Emerging Entrepreneurs

How this entrepreneur from Rajasthan village connects with local people

S Ronendra Singh | Updated on November 11, 2019 Published on November 11, 2019

Entrepreneur Gokul Saini at the training centre at Bansur, Alwar district in Rajasthan   -  Kamal Narang

Gokul Saini runs common service centre that provides digital literacy training

Kanchan in her early 20s has done her graduation and now works in a rural business process outsourcing (BPO) unit and is a support system for her family. She bears her younger brother’s school fee apart from other household needs from the monthly salary of ₹10,000.

There are nine other such women who work in the same place coming from the same village and they all are thankful to Gokul Saini, who set up the BPO a few years ago. This small BPO is part of the Common Service Centre (CSC) set up by Gokul, a village level entrepreneur (VLE).

Kanchan and her colleagues are grateful to Gokul for providing them with such opportunities, so they can be a support system to their families. Some girls are the only earner in their families and some are the second breadwinners for their families.

“This 10-seater BPO employs only women, who work between 9 am and 5 pm. We also have a computer lab that can seat 30 people with 30 computers and we conduct online exams here from time to time,” says Gokul.

Gokul is one of those few to quit a government job after working for around a year and start a CSC.

“I joined as a data entry operator and by now my salary would have been ₹26,000 per month, but today I am paying more than that to some of my employees,” he says, adding he earns a lot more now.

Gokul, in his mid-30s now, started the CSC as a small shop around nine years ago, but today he has a three-storey building from where he operates in Bansur town in Alwar district in Rajasthan.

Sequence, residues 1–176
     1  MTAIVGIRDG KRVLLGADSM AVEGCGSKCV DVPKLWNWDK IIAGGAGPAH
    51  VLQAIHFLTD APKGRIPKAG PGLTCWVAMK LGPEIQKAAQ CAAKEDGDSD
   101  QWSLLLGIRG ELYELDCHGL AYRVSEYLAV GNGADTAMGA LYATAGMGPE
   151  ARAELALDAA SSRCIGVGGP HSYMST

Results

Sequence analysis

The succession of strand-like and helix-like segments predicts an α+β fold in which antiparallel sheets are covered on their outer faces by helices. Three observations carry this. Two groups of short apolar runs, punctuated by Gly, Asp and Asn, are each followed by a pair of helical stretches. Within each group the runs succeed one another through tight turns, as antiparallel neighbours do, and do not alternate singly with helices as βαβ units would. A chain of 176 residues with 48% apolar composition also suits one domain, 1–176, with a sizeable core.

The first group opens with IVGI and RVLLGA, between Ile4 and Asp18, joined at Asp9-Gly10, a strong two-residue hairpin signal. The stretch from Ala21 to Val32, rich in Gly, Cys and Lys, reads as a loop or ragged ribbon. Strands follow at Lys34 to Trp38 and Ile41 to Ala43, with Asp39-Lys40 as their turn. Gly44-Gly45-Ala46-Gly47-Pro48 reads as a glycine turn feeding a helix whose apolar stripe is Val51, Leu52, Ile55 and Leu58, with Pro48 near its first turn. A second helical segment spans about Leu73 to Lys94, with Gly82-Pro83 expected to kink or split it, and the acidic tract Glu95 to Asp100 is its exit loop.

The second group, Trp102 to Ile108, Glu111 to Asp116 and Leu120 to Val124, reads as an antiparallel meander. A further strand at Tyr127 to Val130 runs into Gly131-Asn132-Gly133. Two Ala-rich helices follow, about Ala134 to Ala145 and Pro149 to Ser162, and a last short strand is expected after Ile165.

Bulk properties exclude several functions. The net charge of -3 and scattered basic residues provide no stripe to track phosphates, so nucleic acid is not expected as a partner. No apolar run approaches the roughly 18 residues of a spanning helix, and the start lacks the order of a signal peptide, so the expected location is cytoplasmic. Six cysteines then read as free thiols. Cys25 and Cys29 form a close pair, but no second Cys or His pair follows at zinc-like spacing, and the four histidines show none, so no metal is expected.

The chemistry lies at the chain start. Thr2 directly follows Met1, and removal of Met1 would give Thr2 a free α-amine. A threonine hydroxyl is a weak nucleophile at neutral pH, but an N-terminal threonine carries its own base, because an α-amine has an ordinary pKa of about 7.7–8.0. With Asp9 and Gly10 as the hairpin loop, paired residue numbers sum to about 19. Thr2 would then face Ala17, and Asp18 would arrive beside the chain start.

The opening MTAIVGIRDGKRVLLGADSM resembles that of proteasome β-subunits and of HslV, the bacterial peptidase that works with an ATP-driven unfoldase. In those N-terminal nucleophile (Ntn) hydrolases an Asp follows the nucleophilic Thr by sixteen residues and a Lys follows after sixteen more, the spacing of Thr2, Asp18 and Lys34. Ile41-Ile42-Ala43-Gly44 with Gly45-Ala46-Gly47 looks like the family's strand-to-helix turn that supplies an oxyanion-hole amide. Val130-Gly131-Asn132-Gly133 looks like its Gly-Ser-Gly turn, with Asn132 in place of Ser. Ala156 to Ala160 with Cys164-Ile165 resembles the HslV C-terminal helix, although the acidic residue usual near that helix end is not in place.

There is another campus that he has built on a piece of ancestral land that houses classrooms for digital literacy programmes for locals at Bansur and also an LED bulbs assembly room; a sewing machine room where around 10 women workers make uniforms for various factories; and a Stree Swabhiman room, where Gokul’s wife leads a team of women in making sanitary napkins.

Tech-savvy entrepreneur

An M.Tech, Gokul is well-versed in the latest technologies and this helps him win the latest projects that come for CSCs, including training people from nearby villages on cashless transactions and online payment platforms during the time of demonetisation.

“We trained around 64,000 people as part of digital literacy training programme and cashless transactions in a span of few months during the demonetisation days in 2016,” says Gokul. According to him, making people in and around Bansur digitally literate was his core job.

He and his team have trained 1.25 lakh youngsters, many of whom are employees of multinational companies.

Apart from that, every CSC project, whether it is related to PMGDisha, pension payment, banking, air/train ticketing, LPG booking or Aadhaar, Gokul and his team of around 40 people have worked to help get the tasks done for the villagers.

The daily transactions from his centre range from ₹25,000 to ₹35,000, says Gokul. Soon, they will also work on economic survey too, once they get the go-ahead from the Central government.

Digital village

Another interesting project Gokul has undertaken is the creation of a digital village near his centre, which has Wi-Fi, street lights put up and a few computers installed so that the children can become digitally literate from an early stage.

The best part about this village is that more than 90 per cent of the women and girls are working towards digital literacy and are interested in learning new things. But, sadly, the men from this village are not showing much interest.

“Most of them are daily labourers and men who don’t have work are playing cards the whole day. The labourers come back in the evening and they consume liquor with that money, so most of the households are run by women only. I am trying my best to teach the young boys here so that they don’t follow their father’s footsteps,” Gokul says.

That is why he has started an open library at this village, under a banyan tree, and makes sure that the kids and young boys come to pick up a book, a periodical or a newspaper — whatever they want to read and spend a few hours there.

“It is my social responsibility to make these young kids follow the right path to become good citizens. Youngsters today need support and guidance as otherwise they will start committing crimes,” he says.

Now that he has established good connection with the local people, is joining politics his goal? Gokul laughs off the question and says, “I never thought of this.”

Published on November 11, 2019
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